Then after Behrends’ second home run gave Clarksville a 2-0 lead in the sixth inning, Collins-Maxwell leadoff hitter Alexis Houge reached on a one-out bunt. Alexis Houge moved to third when a throw on her stolen base attempt sailed into center field.

Prepared for the Spartans’ squeeze bunt, Clarksville moved its best fielder, Behrends, to the third baseline to force Collins-Maxwell’s No. 2 hitter, Kahler, into a swing. Wedeking struck her out and followed that with a strikeout of the Spartans’ top hitter Mikayla Houge.

“To get that strikeout on Mikayla Houge was just huge because I don’t know if I’ve ever done that before,” Kori Wedeking said. “It was a good night to be on.”

Fittingly, Wedeking’s final pitch was a strikeout that clinched a state championship. Clarksville's soft-spoken leader whose composure helped the Indians rally from a 5-0 deficit in their 2020 state opener, didn’t reveal much emotion as elated teammates mobbed her in the pitcher’s circle.

“I honestly didn’t get that emotional, because it didn’t feel real. Everyone around me was balling.” Kori Wedeking smiled. “It was just a perfect ending.”

A Clarksville team that had nervous jitters as errors led to six runs allowed in the state quarterfinals, didn’t surrender a single run over the semifinal and championship rounds.

“Before the game we were all so focused,” Kori Wedeking said. “We all wanted it super bad and we weren’t going to let any stupid errors get in the way of that.”

While Clarksville’s senior class of Emma Poppe, Chloe Ross, Janet Borchardt, Ainsley Lovrien and Wedeking left the field champions, Behrends and the next wave of Indian stars made a name for themselves.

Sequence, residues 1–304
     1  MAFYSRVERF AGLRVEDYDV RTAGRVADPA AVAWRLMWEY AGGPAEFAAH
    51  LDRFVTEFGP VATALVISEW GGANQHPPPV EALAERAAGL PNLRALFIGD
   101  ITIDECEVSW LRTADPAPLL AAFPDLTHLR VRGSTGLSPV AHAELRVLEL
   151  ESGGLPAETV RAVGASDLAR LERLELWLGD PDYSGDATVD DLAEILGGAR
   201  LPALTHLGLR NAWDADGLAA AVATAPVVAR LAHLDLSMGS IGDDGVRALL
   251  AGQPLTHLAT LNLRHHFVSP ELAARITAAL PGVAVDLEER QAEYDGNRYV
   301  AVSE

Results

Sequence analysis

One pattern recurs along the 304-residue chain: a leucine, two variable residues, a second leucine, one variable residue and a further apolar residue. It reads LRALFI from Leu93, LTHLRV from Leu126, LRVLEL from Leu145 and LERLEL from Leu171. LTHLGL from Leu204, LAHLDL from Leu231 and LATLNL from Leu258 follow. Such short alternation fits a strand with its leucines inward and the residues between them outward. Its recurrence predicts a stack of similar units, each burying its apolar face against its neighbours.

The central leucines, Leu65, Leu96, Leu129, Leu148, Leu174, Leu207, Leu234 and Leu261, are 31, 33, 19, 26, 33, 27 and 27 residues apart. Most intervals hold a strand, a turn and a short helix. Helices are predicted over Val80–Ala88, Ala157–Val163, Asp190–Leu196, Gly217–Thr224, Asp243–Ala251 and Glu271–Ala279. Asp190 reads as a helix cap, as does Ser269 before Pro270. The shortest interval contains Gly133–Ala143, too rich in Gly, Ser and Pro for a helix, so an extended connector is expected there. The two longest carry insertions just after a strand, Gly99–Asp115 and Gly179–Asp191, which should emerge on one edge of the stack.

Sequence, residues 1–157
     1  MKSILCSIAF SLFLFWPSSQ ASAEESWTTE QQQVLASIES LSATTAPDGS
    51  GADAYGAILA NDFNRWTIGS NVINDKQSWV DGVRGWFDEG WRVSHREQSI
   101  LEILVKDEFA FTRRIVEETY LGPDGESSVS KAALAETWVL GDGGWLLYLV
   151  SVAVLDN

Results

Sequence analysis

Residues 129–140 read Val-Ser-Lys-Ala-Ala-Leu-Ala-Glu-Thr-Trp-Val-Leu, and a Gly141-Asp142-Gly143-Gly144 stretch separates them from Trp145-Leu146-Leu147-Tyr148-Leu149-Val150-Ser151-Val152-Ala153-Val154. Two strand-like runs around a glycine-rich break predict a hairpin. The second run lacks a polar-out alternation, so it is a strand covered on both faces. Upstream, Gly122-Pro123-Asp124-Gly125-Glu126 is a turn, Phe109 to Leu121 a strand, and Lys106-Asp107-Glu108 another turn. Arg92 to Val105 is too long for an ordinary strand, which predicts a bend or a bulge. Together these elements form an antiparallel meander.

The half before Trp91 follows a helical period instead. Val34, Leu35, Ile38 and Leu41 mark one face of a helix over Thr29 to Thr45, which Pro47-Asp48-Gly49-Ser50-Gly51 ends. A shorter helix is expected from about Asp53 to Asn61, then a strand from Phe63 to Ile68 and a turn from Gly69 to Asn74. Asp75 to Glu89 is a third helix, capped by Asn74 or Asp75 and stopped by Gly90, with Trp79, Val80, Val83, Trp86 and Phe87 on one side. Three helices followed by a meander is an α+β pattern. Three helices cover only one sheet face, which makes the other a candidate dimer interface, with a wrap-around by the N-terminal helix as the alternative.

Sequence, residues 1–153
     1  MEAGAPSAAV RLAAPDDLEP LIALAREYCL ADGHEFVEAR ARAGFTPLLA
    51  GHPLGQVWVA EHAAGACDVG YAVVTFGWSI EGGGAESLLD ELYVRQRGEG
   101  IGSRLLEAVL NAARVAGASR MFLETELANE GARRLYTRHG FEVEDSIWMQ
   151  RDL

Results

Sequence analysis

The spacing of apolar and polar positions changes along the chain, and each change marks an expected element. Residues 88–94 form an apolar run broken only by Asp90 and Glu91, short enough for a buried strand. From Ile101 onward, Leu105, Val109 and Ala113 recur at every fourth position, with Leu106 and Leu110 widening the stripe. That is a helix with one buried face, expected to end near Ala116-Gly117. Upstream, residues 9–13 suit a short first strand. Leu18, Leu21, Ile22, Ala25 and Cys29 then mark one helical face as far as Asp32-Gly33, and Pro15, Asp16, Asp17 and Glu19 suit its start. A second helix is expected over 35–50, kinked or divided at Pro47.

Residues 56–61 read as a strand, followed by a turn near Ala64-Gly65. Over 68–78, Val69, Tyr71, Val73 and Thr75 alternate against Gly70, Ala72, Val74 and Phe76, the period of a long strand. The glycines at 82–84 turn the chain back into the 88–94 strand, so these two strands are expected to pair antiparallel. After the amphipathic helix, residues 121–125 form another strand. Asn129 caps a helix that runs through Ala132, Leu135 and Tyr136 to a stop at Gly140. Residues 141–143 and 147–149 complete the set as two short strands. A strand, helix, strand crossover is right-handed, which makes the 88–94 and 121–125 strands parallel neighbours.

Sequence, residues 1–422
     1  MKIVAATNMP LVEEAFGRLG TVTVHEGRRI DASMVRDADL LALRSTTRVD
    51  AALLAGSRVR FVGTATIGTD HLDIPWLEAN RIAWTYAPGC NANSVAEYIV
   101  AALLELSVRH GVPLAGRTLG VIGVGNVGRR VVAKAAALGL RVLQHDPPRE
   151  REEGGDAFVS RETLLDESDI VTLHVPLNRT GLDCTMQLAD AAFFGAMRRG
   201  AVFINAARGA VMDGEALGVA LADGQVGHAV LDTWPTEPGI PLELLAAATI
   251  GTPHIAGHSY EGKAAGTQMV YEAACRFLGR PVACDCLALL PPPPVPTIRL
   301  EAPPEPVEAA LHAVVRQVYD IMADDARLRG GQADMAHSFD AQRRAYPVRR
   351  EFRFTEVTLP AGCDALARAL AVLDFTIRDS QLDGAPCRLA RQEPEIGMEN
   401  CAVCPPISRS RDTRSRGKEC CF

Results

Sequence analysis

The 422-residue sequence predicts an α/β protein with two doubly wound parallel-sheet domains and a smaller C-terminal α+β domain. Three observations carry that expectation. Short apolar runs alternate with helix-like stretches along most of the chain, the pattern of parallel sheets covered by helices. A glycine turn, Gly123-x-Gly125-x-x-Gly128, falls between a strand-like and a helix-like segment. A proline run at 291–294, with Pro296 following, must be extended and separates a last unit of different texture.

“Cheyenne has been determined this whole tournament to kind of make a statement. Without her I don’t know where we’d be,” Katie Wedeking said. “I think you’re kind of stupid if you don’t try and recruit her after this. Hopefully her name gets out there.”

Beyond the her play in the field and at the plate, Behrends has been an uplifting presence in the dugout.

“She loves the sport of softball,” Katie Wedeking said. “She does it year-round, but she’s also an amazing teammate. She’s the one that’s cheering everybody else on so it’s cool to see her be the star of the show for this one.”

Behrends, who joined junior Makenzie Bloker in playing travel ball with the current Clarskville seniors, said afterwards that group has set the tone for the program for the next century.

This championship was a full team effort. Freshmen in third baseman Cailyn Hardy, right fielder Jenna Myers and designated player Rachel Borchardt joined sophomore left fielder Sierra Vance as contributors during Friday’s title game.

After taking photos with their championship trophy, a few players returned to the diamond and collected dirt into water bottles. Clarksville's long-awaited celebration continued late into the night.

“We worked so hard,” Behrends said. “We knew our goal in the beginning and we went for it and we got it. I cannot believe it right now. This does not feel real.

“We are going to go home and we’re going to wear our pink (state championship) shirts for the rest of the week. I love this team so much. I’ve said it once and I’ll say it a hundred times.”